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Issue 55, April 2001

Problems for Jospin

FRANCE'S LEFT coalition government (the 'gauche plurielle', led by the Parti Socialiste - PS - and involving the 'Communists', Greens and smaller left-wing groups) faces a unique political situation.

The conservative parties achieved overall election success while losing the two biggest cities, Paris and Lyon, to the gauche plurielle. These divided parties need to reunite if they are to pose a real danger to the government. That is unlikely in the short term, as the bitter quarrels between Philippe Séguin and Jean Tiberi illustrate. The similarity between conservative and gauche plurielle policies resulted in right-wing candidates generally retaining their seats, and winning or coming close in areas where they are the opposition. Between the first and second rounds, the right saw a significant mobilisation of its electorate.

Voters differentiated between gauche plurielle in general and the government in particular. The more visible ministers up for election were generally hit hard. Jack Lang's defeat in Blois is symptomatic - his vote fell by 10% as compared with 1995. The 52.5% abstention rate in Lille, Martine Aubry's base, is another manifestation of that.

The elections also exposed a thinning activist layer, exacerbated by internal disputes. This was typified by the Parti Communiste Français (PCF) losing Evreux, where the mayor no longer has the party behind him after a number of purges. Gauche plurielle lost these elections because the effects of its neo-liberal policies on the working class, unemployed and young people. That is even more pronounced with the PCF.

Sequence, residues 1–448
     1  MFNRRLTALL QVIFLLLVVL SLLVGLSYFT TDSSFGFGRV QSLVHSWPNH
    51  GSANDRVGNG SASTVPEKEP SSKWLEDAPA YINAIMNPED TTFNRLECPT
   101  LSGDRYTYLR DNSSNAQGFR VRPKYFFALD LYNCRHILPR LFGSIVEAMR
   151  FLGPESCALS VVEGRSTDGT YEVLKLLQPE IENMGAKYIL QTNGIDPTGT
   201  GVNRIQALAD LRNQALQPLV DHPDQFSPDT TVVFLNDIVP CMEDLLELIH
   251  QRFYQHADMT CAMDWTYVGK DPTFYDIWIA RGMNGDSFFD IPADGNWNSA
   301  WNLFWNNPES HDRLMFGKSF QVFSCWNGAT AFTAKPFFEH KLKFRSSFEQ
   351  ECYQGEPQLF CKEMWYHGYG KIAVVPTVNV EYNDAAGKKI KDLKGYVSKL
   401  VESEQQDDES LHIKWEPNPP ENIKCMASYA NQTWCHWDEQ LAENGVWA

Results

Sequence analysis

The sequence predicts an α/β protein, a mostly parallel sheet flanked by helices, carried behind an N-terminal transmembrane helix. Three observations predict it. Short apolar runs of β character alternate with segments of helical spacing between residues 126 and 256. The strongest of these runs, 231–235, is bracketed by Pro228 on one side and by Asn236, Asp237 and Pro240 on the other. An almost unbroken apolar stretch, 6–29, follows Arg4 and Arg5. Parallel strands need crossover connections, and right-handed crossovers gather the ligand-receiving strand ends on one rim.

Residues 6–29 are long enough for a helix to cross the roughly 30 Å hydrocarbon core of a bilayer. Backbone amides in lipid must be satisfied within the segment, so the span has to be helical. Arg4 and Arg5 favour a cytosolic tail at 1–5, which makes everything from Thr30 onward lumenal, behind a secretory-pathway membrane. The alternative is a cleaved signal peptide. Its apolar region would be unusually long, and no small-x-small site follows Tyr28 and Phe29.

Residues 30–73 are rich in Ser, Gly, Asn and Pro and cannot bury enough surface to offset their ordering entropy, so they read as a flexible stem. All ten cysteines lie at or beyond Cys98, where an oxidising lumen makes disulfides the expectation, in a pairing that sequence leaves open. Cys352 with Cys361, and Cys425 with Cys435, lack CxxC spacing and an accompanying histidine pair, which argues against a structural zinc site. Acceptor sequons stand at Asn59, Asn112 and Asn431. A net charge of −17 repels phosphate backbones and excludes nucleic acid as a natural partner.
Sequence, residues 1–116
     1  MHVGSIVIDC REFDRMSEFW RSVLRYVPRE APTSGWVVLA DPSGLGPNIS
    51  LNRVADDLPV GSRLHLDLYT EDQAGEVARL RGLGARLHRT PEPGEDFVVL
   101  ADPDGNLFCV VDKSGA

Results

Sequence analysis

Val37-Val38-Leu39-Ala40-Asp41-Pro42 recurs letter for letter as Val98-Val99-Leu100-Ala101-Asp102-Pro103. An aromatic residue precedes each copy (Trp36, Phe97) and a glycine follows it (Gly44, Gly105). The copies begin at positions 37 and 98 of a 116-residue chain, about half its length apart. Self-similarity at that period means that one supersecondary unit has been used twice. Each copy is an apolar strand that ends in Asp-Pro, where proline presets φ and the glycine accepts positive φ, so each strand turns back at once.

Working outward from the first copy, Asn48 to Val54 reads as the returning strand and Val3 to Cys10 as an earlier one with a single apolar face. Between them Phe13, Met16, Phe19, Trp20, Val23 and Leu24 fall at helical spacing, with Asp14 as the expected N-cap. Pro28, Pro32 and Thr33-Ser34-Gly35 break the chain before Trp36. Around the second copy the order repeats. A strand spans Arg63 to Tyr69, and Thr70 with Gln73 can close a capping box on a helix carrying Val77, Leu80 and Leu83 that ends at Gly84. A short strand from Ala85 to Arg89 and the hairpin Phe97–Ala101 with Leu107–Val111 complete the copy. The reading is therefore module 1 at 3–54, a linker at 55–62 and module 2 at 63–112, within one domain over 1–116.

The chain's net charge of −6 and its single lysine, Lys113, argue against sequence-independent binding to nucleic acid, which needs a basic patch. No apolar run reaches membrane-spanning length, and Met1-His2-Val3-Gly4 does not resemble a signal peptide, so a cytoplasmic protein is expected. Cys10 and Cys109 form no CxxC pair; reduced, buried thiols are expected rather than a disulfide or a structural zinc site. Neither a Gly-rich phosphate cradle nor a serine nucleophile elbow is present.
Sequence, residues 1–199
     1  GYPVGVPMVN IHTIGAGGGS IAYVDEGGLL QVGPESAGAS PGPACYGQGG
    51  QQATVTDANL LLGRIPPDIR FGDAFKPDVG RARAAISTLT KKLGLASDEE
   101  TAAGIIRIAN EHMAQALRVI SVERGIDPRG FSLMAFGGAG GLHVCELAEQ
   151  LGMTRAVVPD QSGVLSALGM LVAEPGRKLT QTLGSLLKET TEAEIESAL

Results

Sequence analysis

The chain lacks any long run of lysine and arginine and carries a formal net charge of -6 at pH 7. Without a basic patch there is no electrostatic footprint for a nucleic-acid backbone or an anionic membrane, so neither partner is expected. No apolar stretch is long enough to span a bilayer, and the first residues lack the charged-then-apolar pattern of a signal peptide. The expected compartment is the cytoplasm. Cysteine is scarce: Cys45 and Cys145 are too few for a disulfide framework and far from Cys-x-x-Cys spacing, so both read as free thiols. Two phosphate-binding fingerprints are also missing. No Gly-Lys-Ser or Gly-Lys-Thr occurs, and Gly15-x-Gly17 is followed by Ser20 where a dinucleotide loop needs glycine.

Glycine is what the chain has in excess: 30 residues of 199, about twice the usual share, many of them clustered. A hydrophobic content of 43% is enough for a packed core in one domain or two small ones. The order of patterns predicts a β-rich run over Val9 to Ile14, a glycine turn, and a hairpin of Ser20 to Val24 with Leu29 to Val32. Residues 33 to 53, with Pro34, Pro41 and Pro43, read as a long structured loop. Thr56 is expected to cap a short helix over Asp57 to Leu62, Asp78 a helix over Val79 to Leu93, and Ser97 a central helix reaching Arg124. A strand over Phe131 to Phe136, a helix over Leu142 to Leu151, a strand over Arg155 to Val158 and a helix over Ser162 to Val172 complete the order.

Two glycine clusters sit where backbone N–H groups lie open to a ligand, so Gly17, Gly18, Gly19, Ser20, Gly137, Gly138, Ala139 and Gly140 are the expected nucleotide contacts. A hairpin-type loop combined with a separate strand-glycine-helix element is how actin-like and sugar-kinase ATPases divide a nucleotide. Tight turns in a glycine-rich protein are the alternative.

To its left, the gauche plurielle has had some difficulties. Green candidates played the role of opposition lists to the government, 'constructive opposition', of course. The Greens at times found themselves in the second round, often as a result of abstentions. The PCF continues to lose towns and proves incapable of regaining those it had lost before: Amiens and Le Havre stayed on the right; Drancy and Montluçon were won by the right. It is a sign that the whole PCF apparatus is collapsing. The PCF has lost control of its large cities and more and more of its traditional strongholds.

Although the PCF decline continues, its role in the coalition is not in question because it is still influential in trade union federations, especially CGT and FSU. Having accepted a compromise agreement with the rest of the gauche plurielle, however, the PCF seems to have lost sight of any perspective outside government participation. The frustration of the activists can only increase. PCF leader, Robert Hue, is set to accelerate 'the change': launching the Nouveau Parti Communiste at the end of October.